Lu Over the Wall (夜明け告げるルーのうた, Masaaki Yuasa, 2017)

Lu over the wall posterComing of age dramas are the mainstay of anime, but if anyone was going to take one in a pleasingly new direction it would be Masaaki Yuasa. His second release of 2017 following the comparatively more abstract The Night is Short, Walk on Girl, Lu Over the Wall (夜明け告げるルーのうた, Yoake Tsugeru Lu no Uta) is the tale of a boy learning to break of out his emotional repression in order to step into a healthier adulthood but it’s also one of learning to live with loss and grief. From the Irish selkie to the conventional mermaid, people of the sea have more often than not stood in for people from a land of lost things where souls are carried away and lonely sailors lured to their doom, but perhaps we’ve simply misunderstood them and the song they sing isn’t intended to make us sad but only to make us remember the joy of living.

Sullen teenager Kai (Shota Shimoda) is in his last year of middle school with a lot of decisions awaiting him as to the further direction of his life. For the moment, Kai lives in the small fishing village of “Hinashi” somewhere in Southern Japan. “Hinashi” literally means “sunless” and the town is indeed overshadowed by a large cliff which blocks the town from the sun but there’s a more metaphorical kind of gloominess lurking here too. Kai is not the only miserable one, pretty much all of the townspeople once dreamt of escape but have either proved unable to get away from their small town roots, or have tried and failed to make it somewhere else before reluctantly returning, salmon-like, to the place of their births. The only one, it seems, to successfully make it out is Kai’s mum who left the family when Kai was small.

Much to his father’s (Shinichi Shinohara) irritation, Kai’s big dream is music though he’s less than thrilled when bamboozled into joining two other aspiring rockstar teens, Kunio (Soma Saito) and Yuho (Minako Kotobuki), as the third member of “Seirèn” even if it does give him an excuse to explore the generally forbidden territory of Mermaid Island. Whilst there, the trio’s song calls out to a music loving Merfolk girl, Lu (Kanon Tani), who can’t resist joining in and, awkwardly, is a much better lead vocalist than the divaish Yuho.

Lu, a charmingly vibrant toddler-type, is perfectly primed to bring this moribund town back to its sunny old self. Able to conjure her own portable corridors of water to travel over land, Lu tracks down Kai hoping to hear more wonderful music and making childish attempts to communicate through broken Japanese so that she can learn to understand the human world. Lu is not, however, the image most of the townspeople have when they think about Merfolk considering most of the local legends paint them as voraciously carnivorous predators existing only to steal landlubbing souls.

The Merfolk are a perfect metaphor for most of the ills consuming the town – a never seen manifestation of unknown fears. Everyone here has lost someone or something at sea (this is, after all a fishing village) or to the city, or just in themselves in learning to accept reality over the lure of unattainable dreams. Kai’s young and caring if distant father tries to push his son towards the “correct” path of non-stop studying and moral uprightness, but his son is just like teenage him, dreaming musical dreams of escape. It might have all gone wrong for Kai’s dad, but as he’s finally able to admit thanks to the guidance of Lu, he doesn’t regret a minute of it.

Ironically enough, Kai’s name is also the word for shellfish in Japanese, making his grandfather’s (Akira Emoto) frequent lament that the muscles in his dinner won’t open more than a little pointed. Kai is definitively closed off, refusing to even open the letters from his mother and keeping himself aloof at school and at home. Yet he’s not the only one who needs to open up – forced to dance to Lu’s tune (literally) each of the townspeople comes to make peace with those things that are so very hard to say, either letting past traumas float away or deciding to swim away with them.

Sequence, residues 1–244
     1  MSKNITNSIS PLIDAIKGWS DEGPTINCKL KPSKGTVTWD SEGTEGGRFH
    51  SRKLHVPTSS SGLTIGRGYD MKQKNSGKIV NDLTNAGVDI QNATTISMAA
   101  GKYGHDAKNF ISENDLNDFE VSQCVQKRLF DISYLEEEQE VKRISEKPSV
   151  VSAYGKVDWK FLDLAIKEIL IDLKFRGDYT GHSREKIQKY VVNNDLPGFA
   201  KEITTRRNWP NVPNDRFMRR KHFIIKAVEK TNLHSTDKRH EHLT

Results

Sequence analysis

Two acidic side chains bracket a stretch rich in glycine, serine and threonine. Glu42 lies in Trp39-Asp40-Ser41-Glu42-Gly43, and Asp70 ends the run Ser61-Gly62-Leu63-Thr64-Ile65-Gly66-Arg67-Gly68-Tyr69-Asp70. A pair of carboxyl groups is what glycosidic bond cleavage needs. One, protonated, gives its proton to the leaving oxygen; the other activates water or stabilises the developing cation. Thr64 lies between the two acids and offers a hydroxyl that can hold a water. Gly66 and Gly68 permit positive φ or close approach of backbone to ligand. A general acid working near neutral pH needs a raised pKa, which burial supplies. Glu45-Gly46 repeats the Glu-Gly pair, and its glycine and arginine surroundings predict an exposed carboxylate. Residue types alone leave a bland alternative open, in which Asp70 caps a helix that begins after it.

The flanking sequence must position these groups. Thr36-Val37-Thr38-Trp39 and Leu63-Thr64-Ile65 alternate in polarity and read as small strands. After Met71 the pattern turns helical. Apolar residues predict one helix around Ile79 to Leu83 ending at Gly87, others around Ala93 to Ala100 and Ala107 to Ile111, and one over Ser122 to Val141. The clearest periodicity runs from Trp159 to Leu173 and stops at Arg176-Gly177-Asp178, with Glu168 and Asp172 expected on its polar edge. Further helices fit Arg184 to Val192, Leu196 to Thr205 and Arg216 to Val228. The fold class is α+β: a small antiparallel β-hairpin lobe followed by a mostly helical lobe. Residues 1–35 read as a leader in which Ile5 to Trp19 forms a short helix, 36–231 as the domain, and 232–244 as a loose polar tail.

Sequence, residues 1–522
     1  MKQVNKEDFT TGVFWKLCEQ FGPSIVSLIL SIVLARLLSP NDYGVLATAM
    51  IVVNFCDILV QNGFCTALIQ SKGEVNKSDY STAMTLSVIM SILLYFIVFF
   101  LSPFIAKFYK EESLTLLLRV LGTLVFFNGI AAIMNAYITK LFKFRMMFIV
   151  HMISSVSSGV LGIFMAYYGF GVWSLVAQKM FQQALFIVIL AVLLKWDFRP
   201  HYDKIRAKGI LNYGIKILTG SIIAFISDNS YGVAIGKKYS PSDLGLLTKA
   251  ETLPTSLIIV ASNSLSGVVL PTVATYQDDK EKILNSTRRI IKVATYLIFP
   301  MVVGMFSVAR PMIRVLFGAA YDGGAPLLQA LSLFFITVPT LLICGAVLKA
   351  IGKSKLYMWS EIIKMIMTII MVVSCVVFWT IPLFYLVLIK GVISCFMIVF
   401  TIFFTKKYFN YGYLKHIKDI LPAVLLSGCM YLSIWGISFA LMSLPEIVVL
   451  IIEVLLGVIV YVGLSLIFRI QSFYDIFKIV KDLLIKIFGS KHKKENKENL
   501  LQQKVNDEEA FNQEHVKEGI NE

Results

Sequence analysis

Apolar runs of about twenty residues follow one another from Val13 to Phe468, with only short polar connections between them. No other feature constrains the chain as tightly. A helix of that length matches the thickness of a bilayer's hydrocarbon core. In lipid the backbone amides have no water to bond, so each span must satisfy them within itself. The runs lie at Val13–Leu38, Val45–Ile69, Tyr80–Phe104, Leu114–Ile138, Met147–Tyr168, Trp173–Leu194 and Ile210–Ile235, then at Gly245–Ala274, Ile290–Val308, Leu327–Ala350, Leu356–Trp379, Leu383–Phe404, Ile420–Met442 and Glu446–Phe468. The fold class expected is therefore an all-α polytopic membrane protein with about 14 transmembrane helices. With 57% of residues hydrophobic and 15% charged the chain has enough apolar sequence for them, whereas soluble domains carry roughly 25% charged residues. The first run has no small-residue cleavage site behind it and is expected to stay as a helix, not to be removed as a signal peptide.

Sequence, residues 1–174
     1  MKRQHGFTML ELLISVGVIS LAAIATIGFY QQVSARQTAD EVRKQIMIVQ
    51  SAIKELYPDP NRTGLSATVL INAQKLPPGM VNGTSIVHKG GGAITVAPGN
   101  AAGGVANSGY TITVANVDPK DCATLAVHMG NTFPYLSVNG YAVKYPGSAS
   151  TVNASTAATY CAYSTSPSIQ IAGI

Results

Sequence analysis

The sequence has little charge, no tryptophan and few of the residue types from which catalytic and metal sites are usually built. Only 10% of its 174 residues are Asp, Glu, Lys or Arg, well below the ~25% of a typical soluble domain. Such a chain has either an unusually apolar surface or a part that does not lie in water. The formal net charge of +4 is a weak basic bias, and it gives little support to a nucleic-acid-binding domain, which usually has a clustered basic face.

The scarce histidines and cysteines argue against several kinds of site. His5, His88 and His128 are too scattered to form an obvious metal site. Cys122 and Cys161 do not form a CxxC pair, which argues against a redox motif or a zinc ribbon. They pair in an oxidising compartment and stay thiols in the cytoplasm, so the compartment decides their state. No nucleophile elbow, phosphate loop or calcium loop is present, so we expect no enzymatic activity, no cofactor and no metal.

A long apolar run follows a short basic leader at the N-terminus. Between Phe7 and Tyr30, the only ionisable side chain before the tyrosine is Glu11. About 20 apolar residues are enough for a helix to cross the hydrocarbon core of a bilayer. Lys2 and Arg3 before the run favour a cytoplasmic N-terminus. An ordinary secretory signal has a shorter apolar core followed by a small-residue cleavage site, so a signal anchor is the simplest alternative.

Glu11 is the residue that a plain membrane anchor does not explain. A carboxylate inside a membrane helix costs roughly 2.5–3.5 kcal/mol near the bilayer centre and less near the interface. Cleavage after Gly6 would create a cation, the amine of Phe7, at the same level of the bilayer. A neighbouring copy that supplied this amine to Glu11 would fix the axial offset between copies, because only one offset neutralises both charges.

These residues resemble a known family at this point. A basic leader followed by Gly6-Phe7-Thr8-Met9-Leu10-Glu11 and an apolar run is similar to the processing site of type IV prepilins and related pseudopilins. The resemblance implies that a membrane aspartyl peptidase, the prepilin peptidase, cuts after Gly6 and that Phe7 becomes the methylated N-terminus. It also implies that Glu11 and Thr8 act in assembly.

It is, however, a little uncomfortable when the final resolution takes on a romantic dimension seeing as Lu has been painted as an adorable child with her giant bubbly head, cute high pitched voice, and childishly broken Japanese, not to mention that a secondary plot strand revolves around her father (an anthropomorphised shark/killer whale) who has attempted to shed some prejudices of his own to help his daughter in her desire to make friends with humans. Nevertheless, Yuasa and his scriptwriter Reiko do their best to do justice to all the ills of the town from the corporate greed of the mermaid loving old timer who wants to open a theme park exploiting their image, to the creepy behaviour of Yuho’s governor father, and the ever present themes of loss, guilt, and disappointment. The trio of teens at the centre may have felt themselves trapped in a dead end town, but thanks to Lu they come to realise that they too can jump over the wall and go wherever they want so long as they take the music with them.


Lu Over the Wall is in UK cinemas for one night only on 6th December 2017 courtesy of Anime Ltd.. Find out where it’s screening near you via the official Lu Over the Wall microsite.

Anime Ltd. trailer (Dialogue free)

Mukoku (武曲 MUKOKU, Kazuyoshi Kumakiri, 2017)

mukoku posterThe way of the sword is fraught with contradictions. Like many martial arts, kendo is not primarily intended for practical usage but for self improvement, emotional centring, and fostering a big hearted love of country designed to ensure lasting peace between men. Nevertheless, it tends to attract people who struggle with just those issues, hoping to find the peace within themselves though mastery of the sword. Kazuyoshi Kumakiri’s long and varied career has often focussed on outsiders dealing with extreme emotions and Mukoku (武曲 MUKOKU) is no different in this regard as the two men at its centre lock swords at cross purposes, each fighting something or someone else within themselves rather than the flesh and blood opponent standing before them.